Environment Bill continues through Parliament
New amendments will include legally-binding 2030 species target and measures to reduce sewage discharges into rivers
The Government’s legislation to transform our environment has returned to Parliament today (26 May) for Report Stage and Third Reading in the House of Commons.
Through the Environment Bill, we will clean up the country’s air, restore natural habitats and increase biodiversity. The Bill will also outline how the government will reduce waste, make better use of resources, and improve management of water resources in a changing climate.
The Bill will crack down on water companies that discharge sewage into rivers and will include a world-leading legally-binding species target for 2030, aiming to halt the decline of nature and to protect beloved British animals, such as red squirrels and hedgehogs.
Welcoming the Environment Bill back to Parliament, Environment Minister Rebecca Pow said:
"As we build back greener from the pandemic, it is vital that we address the twin challenges of climate change and biodiversity loss and protect and improve the environment for future generations.
"The Environment Bill will ensure we deliver the most ambitious environmental programme of any country on earth, which is why it is essential that we complete its passage into law as soon as possible."
The Government has proposed a number of amendments to the Bill upon its return to Parliament.
We are aiming to halt the decline of nature by amending the Bill to require the Government to set and meet a new legally-binding target on species abundance for 2030. This builds on plans to boost biodiversity, protect our peatlands and create new woodlands as set out last week by the Environment Secretary.
The Environment Bill will also re-focus the Habitats Regulations towards our objective to conserve and enhance biodiversity, and the Government will publish a Green Paper on these reforms later this year. The Green Paper will set out how we plan to deliver our domestic ambitions, as part of our objective of protecting 30 percent of terrestrial land by 2030. We want to ensure our regulatory framework is fit for purpose to drive the delivery of our new 2030 biodiversity target and reverse declines of species, including iconic British species like the hedgehog, red squirrel and water vole.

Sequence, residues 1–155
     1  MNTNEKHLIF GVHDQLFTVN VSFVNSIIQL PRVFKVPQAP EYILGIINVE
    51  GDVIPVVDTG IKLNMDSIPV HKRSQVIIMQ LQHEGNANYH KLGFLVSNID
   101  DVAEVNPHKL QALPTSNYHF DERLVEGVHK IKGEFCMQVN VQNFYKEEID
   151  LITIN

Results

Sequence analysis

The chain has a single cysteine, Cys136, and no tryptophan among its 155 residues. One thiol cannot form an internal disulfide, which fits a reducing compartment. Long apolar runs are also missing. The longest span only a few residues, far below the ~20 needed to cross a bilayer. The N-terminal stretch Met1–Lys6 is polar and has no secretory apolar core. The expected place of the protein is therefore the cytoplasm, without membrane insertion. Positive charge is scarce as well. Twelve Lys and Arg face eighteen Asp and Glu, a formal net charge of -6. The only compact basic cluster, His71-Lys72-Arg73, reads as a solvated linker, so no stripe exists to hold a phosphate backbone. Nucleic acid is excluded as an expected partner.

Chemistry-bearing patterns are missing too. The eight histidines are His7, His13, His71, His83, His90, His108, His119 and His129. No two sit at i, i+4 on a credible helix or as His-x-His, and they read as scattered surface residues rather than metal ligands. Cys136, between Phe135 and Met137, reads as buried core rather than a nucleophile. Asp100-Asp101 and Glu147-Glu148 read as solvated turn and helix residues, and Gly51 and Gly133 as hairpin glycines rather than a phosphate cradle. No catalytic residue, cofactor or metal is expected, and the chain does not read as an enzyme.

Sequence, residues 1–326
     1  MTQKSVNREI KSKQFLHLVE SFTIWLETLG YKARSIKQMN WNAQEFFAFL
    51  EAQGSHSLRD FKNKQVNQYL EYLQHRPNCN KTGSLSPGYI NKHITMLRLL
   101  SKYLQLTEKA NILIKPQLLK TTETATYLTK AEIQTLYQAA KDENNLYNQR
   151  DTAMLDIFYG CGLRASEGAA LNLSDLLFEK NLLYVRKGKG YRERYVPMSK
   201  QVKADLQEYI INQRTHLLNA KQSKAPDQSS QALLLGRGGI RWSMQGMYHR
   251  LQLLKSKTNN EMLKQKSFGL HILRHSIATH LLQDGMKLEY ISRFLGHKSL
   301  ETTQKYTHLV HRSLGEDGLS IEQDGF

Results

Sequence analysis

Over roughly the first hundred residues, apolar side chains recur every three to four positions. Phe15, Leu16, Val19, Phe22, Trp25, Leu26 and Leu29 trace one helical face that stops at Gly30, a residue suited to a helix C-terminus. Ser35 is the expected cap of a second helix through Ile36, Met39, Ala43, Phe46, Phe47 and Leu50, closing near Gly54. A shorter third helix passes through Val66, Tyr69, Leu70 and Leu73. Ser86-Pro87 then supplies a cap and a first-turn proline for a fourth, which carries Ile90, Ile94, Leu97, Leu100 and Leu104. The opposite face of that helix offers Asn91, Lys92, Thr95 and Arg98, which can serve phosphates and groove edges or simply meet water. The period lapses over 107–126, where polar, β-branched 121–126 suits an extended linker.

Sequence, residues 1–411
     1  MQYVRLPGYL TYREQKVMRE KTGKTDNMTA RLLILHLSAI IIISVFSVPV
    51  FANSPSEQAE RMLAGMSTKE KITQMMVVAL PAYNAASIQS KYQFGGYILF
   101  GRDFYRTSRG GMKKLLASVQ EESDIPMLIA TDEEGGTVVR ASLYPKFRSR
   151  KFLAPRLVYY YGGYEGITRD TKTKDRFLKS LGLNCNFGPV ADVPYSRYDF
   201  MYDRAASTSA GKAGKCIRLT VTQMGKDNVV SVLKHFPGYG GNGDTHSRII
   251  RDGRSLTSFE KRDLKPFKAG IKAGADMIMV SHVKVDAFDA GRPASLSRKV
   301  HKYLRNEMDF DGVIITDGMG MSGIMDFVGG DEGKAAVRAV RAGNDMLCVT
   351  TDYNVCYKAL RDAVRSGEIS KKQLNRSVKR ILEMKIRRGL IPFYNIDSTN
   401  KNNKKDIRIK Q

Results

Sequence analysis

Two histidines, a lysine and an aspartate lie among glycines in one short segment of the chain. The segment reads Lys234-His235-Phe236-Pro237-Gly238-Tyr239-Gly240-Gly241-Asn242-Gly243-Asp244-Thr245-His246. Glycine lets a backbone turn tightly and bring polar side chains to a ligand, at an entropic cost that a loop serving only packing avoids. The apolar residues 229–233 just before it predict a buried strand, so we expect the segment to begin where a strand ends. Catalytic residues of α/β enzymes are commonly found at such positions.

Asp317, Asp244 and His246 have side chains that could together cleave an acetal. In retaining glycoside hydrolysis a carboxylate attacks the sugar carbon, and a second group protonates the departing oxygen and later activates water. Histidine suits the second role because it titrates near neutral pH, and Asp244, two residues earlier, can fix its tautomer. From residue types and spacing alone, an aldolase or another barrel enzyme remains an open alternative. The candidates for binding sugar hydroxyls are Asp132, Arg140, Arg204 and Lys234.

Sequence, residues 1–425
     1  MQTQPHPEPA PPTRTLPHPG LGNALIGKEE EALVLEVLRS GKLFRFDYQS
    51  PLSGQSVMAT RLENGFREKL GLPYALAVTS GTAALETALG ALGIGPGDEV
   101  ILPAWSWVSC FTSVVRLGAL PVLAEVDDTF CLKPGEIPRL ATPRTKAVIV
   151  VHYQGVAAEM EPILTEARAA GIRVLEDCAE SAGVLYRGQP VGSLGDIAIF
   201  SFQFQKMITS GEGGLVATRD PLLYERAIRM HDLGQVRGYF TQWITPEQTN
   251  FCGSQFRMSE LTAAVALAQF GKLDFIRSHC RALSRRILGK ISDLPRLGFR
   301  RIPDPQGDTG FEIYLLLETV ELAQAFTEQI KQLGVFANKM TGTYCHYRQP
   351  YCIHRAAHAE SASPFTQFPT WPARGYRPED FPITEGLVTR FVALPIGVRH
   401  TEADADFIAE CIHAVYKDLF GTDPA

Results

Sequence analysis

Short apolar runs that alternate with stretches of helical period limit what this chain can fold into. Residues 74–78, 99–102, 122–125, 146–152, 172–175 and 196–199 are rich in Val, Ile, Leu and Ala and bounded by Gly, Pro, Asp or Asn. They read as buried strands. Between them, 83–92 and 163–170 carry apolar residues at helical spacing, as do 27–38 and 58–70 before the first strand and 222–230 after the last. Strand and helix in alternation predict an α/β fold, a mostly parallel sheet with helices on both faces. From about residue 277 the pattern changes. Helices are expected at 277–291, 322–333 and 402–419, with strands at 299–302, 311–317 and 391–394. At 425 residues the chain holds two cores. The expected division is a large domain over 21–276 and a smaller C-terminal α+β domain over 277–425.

As announced in the Queen’s Speech on 11 May, we will also be bringing forward amendments later this year to reduce the harm from storm overflows to our rivers, waterways and coastlines. New duties will require the government to publish a plan to reduce sewage discharges from storm overflows by September 2022 and report to Parliament on the progress towards implementing the plan.
Work on implementing Environment Bill policies has continued at pace. We have already started work on developing legally binding environmental targets, and launched consultations on the deposit return schemes for drinks containers, extended producer responsibility for packaging and consistent recycling collections which will transform the way we deal with our rubbish.
We have appointed Dame Glenys Stacey as Chair of the new, independent Office for Environmental Protection (OEP), which will be created to hold the Government and public bodies to account for their environmental credentials. From July, it will be set up in an interim, non-statutory form, providing independent oversight of the Government’s environmental progress and accelerating the foundation of the full body. The OEP will formally commence its statutory functions after the Bill receives Royal Assent.
We have also published a draft Principles Policy Statement which will put protecting the environment at the heart of future policy.
The legislation builds on this Government’s decisive action to protect the environment as set out in our 25 Year Environment Plan. Our binding commitment to reach net-zero carbon emissions by 2050 and host the COP26 climate change conference this year will keep the UK at the forefront of international work on these issues.